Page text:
The U.S. Election: Democracy Had It Coming

Greetings all, Steve here, back again. I was going to post something last week, but, like many people lately, I came down with mild death-like symptoms. I went to the doctor and he said that, hypodermically speaking, I should be fine, ouch, so after a few days rest, I’m back in the saddle. Today I’m going to take a break from saying silly things about business and say some silly things about something many people are critically concerned about these days, something that could effect every area of our lives, business and personal: the U.S. presidential election.

Here are my thoughts: It’s insane.

Allow me to elaborate. The United States presidential election is a time-honoured tradition, but like many time-honoured traditions, it’s completely mental. I mean, think about it. Why must the election be held exactly every 4 years and consist of an arcane series of nominations and pre-elections to elect a candidate from one of two parties which are not really that different from each other? Because it’s tradition. Fair enough, but that doesn’t mean it’s a good idea. I mean, it used to be tradition to use left-handed people as test projectiles in catapults. Honest, look it up. They did it all the time. That’s why there are so few left-handed people around. See, you learn something every day.

But times change and perhaps the U.S. election process is in need of an overhaul and it’s something a lot of people are interested in. In recent decades, the U.S. election has elicited about as much interest as a clearance sale at Bagpipe World, but these days it’s on just about everybody’s minds. And you can see why. The United States is beset by problems: The war, the economy, the environment, terrorism and the return of the Spice Girls. Things are getting serious people! And everybody’s concerned about the election, but many people find the process confusing.

So allow me to simplify it. The candidates for both parties square off, a bunch of wealthy middle-aged white guys with strong hairlines and nice teeth, and they compete in a series of primaries, which are like small pre-elections, used to weed out the least worthy candidates. The first and most important primary is in Iowa, because it used to be one of the most important and populous states. Like, 250 years ago. While this may seem seem antiquated and illogical, it’s actually an improvement over the original weeding-out process, which involved the candidates squaring off in a butter-churning competition. Honest, look it up.

So, as I say, all the rich, white male candidates square off and the candidate who wins the Iowa primary usually takes an early lead in the overall election. What they do is, they take your total vote tally from the Iowa primary, multiply that by your standing in the California, Washington and New Hampshire primaries, see what zodiac Venus is in, divide the year you were born by your shoe size and then elect you based on how well you play the saxophone. See what I mean? This process is convoluted and makes no sense and you can tell that by watching CNN. All the commentators sit around and discuss with great concern the results of this or that, but nobody ever says why it matters, because nobody has the foggiest idea why the hell it matters. It’s just tradition.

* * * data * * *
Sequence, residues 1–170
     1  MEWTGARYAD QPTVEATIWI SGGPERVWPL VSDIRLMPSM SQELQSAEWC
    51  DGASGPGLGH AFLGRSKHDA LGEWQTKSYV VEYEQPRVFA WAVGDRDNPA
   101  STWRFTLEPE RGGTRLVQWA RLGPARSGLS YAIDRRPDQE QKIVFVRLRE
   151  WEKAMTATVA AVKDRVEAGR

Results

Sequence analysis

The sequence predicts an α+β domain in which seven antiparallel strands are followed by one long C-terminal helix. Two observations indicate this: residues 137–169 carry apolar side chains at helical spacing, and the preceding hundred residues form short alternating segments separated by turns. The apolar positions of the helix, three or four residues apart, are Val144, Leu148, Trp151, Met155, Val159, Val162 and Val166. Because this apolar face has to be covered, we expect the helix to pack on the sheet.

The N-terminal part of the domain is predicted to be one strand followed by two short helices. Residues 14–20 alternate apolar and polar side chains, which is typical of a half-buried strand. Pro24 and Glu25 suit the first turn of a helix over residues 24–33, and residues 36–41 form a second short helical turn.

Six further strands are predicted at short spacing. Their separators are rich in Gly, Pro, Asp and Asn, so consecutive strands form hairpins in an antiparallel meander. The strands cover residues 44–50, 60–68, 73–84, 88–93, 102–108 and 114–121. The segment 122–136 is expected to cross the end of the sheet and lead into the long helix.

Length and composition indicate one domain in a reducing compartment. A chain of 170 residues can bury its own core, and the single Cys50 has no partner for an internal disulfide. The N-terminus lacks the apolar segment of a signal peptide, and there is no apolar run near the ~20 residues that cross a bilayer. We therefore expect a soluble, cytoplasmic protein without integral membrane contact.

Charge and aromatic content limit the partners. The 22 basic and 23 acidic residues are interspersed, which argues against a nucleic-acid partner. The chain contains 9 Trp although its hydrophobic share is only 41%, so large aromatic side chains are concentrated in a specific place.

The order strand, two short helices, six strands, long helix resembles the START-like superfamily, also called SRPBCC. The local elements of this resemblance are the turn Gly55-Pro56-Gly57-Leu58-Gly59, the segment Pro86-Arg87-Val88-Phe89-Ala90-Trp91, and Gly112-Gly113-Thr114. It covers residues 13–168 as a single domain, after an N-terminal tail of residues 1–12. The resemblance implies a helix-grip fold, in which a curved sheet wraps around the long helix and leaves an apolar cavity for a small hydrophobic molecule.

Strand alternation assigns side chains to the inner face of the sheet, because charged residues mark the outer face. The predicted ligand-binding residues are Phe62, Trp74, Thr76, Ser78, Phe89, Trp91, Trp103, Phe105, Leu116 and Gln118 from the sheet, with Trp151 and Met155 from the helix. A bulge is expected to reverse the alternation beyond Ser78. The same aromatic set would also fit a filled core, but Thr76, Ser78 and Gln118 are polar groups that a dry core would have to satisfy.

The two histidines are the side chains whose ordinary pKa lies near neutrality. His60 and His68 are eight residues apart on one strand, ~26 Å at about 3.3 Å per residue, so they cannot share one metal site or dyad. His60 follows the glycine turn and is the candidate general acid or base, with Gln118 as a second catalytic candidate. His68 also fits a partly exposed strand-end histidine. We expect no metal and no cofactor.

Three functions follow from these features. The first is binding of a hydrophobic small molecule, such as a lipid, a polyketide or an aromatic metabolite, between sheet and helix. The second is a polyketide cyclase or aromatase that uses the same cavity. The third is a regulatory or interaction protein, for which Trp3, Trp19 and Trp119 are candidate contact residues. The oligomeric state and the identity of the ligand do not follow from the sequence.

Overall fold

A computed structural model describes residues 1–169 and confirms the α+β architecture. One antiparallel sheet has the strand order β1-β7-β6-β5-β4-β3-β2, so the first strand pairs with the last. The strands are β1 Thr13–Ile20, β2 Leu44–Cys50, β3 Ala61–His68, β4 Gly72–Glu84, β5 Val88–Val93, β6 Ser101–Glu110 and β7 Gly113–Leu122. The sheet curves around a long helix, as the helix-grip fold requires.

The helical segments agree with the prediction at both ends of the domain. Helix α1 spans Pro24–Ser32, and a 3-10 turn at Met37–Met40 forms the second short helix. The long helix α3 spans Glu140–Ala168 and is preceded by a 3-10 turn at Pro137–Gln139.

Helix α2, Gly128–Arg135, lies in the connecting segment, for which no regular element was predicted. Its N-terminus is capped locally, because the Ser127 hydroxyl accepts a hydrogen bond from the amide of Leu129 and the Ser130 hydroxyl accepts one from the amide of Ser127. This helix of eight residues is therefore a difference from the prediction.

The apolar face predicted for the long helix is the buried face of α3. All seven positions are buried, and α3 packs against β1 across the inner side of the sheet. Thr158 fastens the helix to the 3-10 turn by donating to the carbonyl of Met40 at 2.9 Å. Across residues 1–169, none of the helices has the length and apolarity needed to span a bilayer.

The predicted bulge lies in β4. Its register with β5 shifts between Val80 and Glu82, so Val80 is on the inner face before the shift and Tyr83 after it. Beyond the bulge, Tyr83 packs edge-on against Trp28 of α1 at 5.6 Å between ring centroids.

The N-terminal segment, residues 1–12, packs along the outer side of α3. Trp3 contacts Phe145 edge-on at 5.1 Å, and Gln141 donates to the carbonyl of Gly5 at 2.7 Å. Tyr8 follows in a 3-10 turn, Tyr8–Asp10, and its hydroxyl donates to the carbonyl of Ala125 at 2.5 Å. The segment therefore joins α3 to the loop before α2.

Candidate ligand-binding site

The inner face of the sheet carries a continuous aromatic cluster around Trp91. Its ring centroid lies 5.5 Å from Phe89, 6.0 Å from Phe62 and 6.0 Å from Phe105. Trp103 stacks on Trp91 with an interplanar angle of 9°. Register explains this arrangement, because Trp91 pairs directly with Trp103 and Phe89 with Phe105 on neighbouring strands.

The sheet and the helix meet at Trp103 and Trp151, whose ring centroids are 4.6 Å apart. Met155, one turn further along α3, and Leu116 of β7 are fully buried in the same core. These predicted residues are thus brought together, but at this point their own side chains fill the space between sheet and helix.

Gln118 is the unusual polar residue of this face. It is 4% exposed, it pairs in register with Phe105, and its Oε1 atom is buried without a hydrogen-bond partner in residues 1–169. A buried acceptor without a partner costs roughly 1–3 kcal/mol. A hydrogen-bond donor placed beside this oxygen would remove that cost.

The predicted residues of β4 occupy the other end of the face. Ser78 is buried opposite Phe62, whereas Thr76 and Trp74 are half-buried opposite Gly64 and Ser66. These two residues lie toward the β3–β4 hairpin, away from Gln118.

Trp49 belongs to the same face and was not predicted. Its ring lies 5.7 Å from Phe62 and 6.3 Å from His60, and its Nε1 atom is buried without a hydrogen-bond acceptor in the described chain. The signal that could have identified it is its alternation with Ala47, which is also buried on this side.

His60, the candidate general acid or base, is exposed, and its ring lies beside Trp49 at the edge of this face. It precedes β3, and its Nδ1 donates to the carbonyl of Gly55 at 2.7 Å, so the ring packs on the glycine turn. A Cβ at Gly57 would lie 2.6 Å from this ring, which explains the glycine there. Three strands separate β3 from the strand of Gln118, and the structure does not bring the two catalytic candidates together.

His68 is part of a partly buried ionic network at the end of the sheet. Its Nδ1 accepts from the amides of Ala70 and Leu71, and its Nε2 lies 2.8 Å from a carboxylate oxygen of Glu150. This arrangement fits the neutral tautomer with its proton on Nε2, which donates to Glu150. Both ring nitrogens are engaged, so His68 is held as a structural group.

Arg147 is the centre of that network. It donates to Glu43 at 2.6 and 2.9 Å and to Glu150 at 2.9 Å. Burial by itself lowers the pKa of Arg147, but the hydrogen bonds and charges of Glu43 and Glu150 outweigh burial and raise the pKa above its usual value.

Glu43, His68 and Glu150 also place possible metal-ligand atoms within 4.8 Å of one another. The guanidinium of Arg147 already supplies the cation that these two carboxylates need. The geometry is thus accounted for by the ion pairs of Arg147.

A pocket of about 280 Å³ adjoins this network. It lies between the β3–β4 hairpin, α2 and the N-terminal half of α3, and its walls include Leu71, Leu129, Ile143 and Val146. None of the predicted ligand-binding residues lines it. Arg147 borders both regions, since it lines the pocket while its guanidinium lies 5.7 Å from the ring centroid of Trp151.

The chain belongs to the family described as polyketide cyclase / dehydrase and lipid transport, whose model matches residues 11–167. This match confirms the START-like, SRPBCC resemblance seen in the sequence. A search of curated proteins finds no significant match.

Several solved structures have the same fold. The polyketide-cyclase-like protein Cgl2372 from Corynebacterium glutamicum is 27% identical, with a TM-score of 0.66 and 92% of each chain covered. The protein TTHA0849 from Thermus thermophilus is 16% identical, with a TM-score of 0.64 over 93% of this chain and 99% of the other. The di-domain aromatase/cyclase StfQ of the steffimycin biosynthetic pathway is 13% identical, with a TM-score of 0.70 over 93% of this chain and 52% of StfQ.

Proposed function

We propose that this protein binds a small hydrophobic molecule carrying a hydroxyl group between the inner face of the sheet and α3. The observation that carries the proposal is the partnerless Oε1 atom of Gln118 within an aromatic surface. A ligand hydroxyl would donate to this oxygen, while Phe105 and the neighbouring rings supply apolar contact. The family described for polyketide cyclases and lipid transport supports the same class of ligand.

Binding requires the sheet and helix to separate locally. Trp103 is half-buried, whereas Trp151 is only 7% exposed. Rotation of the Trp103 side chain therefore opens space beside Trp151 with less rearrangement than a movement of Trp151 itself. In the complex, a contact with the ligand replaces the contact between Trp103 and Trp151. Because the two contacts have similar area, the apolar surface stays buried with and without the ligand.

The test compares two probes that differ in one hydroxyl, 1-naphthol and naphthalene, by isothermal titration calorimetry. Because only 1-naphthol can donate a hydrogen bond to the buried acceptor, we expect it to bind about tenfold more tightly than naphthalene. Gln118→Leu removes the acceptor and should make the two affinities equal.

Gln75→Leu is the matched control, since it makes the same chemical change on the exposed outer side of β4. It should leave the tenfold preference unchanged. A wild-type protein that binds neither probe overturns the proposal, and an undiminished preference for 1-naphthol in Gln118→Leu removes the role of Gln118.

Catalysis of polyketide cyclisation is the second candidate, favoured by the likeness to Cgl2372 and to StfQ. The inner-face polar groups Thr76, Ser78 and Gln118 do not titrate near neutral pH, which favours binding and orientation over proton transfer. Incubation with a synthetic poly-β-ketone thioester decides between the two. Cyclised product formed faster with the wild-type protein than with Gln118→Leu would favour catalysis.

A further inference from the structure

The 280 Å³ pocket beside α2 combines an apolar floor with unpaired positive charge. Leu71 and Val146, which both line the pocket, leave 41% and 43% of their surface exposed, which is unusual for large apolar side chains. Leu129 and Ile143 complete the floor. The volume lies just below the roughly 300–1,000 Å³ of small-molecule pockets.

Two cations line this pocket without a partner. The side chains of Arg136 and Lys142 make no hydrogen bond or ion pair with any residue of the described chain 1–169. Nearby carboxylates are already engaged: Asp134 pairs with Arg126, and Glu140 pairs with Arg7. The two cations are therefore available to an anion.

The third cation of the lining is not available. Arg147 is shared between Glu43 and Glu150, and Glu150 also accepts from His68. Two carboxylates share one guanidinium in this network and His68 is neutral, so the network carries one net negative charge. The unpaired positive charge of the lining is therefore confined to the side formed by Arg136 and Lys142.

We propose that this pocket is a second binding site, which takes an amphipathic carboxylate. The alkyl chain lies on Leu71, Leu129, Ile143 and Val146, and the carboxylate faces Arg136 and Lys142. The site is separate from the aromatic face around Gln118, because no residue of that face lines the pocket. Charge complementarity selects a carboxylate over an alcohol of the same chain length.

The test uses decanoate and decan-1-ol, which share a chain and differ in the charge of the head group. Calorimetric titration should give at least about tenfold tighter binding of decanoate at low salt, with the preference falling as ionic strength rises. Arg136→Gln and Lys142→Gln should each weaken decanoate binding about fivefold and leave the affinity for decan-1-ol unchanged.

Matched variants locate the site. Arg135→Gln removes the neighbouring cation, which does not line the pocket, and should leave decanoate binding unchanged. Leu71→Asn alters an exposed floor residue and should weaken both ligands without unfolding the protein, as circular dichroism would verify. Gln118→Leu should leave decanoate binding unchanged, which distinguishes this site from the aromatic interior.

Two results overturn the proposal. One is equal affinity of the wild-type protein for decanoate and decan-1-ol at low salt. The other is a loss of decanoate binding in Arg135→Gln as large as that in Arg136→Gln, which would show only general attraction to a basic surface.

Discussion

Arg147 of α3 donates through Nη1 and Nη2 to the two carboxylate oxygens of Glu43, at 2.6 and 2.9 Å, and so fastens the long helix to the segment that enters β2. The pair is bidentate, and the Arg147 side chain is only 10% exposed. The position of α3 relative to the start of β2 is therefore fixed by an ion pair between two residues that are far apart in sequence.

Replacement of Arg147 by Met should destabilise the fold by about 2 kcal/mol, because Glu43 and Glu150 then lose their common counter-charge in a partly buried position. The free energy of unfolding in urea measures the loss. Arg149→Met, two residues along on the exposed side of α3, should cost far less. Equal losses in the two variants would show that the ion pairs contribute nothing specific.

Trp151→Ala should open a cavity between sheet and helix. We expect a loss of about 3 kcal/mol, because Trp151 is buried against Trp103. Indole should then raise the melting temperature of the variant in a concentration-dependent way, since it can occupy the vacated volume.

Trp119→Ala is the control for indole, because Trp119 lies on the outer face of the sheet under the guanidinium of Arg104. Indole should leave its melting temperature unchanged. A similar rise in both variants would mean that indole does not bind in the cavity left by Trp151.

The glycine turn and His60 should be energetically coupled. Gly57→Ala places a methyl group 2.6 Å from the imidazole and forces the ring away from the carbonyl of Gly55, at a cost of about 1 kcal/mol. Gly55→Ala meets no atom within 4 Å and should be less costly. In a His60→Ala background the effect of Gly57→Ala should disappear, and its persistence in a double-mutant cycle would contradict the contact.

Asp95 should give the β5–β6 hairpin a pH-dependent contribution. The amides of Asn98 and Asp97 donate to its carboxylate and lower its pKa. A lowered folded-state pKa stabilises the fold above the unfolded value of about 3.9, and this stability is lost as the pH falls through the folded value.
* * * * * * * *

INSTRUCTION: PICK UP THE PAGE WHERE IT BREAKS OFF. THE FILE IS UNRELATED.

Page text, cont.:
But maybe it’s time for tradition to change and what better year than this year? After all, for all the votes and all the posturing, all the name-calling and butter-churning, the only real question on people’s minds is whether the U.S. will vote for a white male candidate who stubbornly refuses to be white, or one who stubbornly refuses to be male. I guess we’ll see.

But in the meantime, I want to offer some other comparative perspectives from around the world, to show some different approaches to electing a leader. I’m Canadian and we have a very different system here. Instead of the U.S. two-party system, here in Canada, basically anybody can start a political party and since we vote for our local candidates and not for the leader, we can end up pretty much randomly electing whoever happens to be standing there to run the country. And this can be kind of frightening when, given the freedom to create their own political parties, you see the kind of political parties people actually create. We have, and I swear I’m not making any of these up, the Conservative Party (which is keen on big business), The Liberal Party (which is keen on different businesses), The New Democratic or Really Really Liberal Party (which is keen on small business), The Bloc Quebecois (which is keen on breaking up the country), The Green Party (which is keen on trees), The Marijuana Party (which is self-explanatory) and the Sex Party (which would be a great name for a punk band and which is also self-explanatory).

See what I mean? Canadian politics may be a little weird, but at least we’re interesting. And there are many other examples from around the world. Australia is run by a benevolent council of surfers who rule, both politically and in terms of surfing. In Scotland they give it to the person who can throw a telephone pole the farthest and in Italy they give it to somebody new every week. Even in ancient Greece, the birthplace of democracy, it was different, much more hands-on and immediate. Candidates would meet in public and engage in a battle of words, hitting each with dictionaries. Honest, look it up.

And none of these systems, crazy though they are, is quite as crazy as the American system, which nobody even understands, with it’s convoluted processes, Supreme Court decisions and hanging chads. They need to get the Sex Party in there, just to shake things up, get everybody to relax a little. But that’s just my opinion.

Well, that was my unsolicited and completely unresearched opinion on American politics. Until next time, keep your pen on the page and watch out for hanging Chads.

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